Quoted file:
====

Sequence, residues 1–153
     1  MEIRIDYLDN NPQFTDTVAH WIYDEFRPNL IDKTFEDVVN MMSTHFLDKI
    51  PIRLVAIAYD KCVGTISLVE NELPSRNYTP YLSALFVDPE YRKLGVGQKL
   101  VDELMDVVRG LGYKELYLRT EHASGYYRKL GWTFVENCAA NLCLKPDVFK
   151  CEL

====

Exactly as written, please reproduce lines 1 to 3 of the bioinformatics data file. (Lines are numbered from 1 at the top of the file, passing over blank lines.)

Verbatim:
Sequence, residues 1–153
     1  MEIRIDYLDN NPQFTDTVAH WIYDEFRPNL IDKTFEDVVN MMSTHFLDKI
    51  PIRLVAIAYD KCVGTISLVE NELPSRNYTP YLSALFVDPE YRKLGVGQKL